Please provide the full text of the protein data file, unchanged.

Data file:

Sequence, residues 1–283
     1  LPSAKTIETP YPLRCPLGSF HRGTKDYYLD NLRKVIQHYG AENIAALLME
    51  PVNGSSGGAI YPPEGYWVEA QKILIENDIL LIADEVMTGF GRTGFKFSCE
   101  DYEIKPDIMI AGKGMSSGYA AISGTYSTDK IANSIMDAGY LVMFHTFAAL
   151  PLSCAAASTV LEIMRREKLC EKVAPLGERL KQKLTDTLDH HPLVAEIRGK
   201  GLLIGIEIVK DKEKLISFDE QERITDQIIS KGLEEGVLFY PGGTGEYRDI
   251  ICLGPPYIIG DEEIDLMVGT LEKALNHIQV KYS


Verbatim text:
Sequence, residues 1–283
     1  LPSAKTIETP YPLRCPLGSF HRGTKDYYLD NLRKVIQHYG AENIAALLME
    51  PVNGSSGGAI YPPEGYWVEA QKILIENDIL LIADEVMTGF GRTGFKFSCE
   101  DYEIKPDIMI AGKGMSSGYA AISGTYSTDK IANSIMDAGY LVMFHTFAAL
   151  PLSCAAASTV LEIMRREKLC EKVAPLGERL KQKLTDTLDH HPLVAEIRGK
   201  GLLIGIEIVK DKEKLISFDE QERITDQIIS KGLEEGVLFY PGGTGEYRDI
   251  ICLGPPYIIG DEEIDLMVGT LEKALNHIQV KYS